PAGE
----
20 Southwest Airlines and 2 U.S. Airways flights were delayed after a LAX terminal was evacuated for two hours due to a “suspicious comment” made by a passenger on SWA Flight 1182 from El Paso. We were unable to find out what exactly the “suspicious comment” was, but UPI suggests that it had something to do with explosives in his luggage. The LAPD bomb squad was called, but no explosives were found.
The New York Times says that the FBI has begun an investigation that includes almost the entire mortgage industry—from the lenders to the brokers to the Wall Street banks who packaged the loans as securities. They’re cooperating with the SEC and wouldn’t name which firms they’re targeting, but the Times said that it includes 14 companies.
Over at InfoWorld they have a story from a guy who was trying to sell something on Craigslist, and because he is savvy in the ways of the internet, did not fall for an obvious “overpayment scheme.”
A young man, his girlfriend, and his mother were arrested on Saturday for stealing $7.4 million from an armored car company last Monday in Cleveland, Ohio. They timed the robbery to occur after Black Friday and the ensuing weekend because they knew the company would be chock full of retailers’ profits. Then they loaded a newly bought getaway van with the cash and hid away in Pipestem, West Virginia. The FBI tracked them down using old shopping receipts found in the girlfriend’s abandoned pickup truck.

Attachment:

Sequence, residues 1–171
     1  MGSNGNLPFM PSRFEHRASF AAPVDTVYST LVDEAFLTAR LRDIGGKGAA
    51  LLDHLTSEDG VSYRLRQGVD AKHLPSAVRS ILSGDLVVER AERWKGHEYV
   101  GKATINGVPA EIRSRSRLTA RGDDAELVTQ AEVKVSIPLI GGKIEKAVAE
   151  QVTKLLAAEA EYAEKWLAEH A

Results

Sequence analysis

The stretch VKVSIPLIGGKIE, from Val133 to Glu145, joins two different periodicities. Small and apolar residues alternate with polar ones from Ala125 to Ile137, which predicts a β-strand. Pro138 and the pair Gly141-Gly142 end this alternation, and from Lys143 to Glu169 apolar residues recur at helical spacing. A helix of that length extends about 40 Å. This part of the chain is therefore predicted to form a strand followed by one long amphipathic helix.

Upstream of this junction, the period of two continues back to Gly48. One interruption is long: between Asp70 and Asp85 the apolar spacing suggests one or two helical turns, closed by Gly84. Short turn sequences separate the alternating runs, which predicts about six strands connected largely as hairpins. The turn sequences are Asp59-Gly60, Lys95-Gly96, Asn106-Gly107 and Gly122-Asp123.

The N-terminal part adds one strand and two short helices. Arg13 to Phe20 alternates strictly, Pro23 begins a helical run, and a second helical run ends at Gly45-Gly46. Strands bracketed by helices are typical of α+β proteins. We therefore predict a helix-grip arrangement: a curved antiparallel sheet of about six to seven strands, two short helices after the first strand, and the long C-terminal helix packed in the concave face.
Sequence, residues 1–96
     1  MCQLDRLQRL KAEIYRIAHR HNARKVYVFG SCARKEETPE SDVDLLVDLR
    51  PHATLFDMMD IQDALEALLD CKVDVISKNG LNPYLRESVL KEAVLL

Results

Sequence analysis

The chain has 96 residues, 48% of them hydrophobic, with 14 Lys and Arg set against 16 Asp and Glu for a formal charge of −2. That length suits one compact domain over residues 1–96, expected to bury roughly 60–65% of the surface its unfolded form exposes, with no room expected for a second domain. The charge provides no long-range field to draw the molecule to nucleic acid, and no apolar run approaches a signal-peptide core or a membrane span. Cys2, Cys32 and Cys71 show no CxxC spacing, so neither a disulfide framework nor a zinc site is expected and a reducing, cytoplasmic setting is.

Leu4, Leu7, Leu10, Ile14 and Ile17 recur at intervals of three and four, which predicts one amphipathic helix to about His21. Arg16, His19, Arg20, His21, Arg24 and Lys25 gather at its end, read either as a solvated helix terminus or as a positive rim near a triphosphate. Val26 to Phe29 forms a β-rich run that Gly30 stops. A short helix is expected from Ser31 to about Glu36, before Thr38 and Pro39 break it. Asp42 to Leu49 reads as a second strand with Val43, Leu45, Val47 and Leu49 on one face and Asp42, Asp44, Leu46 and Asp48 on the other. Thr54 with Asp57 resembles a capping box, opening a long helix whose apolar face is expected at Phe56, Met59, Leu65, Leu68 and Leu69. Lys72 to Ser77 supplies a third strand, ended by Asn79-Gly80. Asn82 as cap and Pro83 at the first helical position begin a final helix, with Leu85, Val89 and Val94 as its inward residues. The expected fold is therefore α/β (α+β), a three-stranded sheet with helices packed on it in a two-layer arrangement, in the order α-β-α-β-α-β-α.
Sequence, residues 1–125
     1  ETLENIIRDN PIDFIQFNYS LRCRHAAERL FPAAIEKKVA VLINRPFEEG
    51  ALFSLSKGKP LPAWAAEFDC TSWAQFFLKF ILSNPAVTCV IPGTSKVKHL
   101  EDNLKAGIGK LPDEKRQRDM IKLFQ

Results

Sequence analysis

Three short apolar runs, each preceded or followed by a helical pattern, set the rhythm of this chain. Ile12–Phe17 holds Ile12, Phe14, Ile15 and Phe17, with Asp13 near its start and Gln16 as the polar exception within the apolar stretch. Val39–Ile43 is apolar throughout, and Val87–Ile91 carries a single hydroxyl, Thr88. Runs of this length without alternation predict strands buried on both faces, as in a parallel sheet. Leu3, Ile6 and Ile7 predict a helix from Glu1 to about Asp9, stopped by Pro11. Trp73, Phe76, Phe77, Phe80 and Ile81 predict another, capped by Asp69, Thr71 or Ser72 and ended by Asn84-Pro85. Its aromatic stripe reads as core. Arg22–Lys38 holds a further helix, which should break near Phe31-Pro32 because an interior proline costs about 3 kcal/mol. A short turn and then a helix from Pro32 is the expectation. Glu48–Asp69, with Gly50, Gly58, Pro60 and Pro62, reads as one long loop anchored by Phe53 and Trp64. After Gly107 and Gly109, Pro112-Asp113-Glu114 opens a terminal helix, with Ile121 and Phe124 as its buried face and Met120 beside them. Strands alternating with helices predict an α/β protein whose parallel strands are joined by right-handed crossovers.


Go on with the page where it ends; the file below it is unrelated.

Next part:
Two more individuals identifying themselves as former Geek Squad employees have stepped forward with allegations about the repair company’s employees unauthorized copying of personal information from customer’s hard-drives.
The FBI has tells us that they’ve found 1 million US computers that have been compromised and are being controlled and used for evil.
The FBI is training banks to be super-nice to robbers, as the unexpected friendliness can throw thieves off guard and have them walk away from a crime.
…The method is a sharp contrast to the traditional training for bank employees confronted with a suspicious person, which advises not approaching the person, and at most, activating an alarm or dropping an exploding dye pack into the cash.
It’s also possible to intercept unencrypted or poorly encrypted messages directly as they’re broadcast over cellular channels. (If the network uses sophisticated encryption, you might be out of luck.) To steal messages with your phone, you would need to upload illegal “firmware” onto your phone. This essentially turns your phone into a radio and allows it to pick up all the texts broadcast on a given channel–instead of limiting you to the ones addressed to you. You’d also need to know the network for the target phone–Verizon, Cingular, T-Mobile, etc.–and you’d have to make sure that both your phone and the target are within range of the same base station. This method isn’t too expensive since you don’t need much more than a computer, a phone, and some firmware that any serious techie could find online for free.
Hmm. We do not know anything about illegal firmware, so we’ll take Slate’s word on that.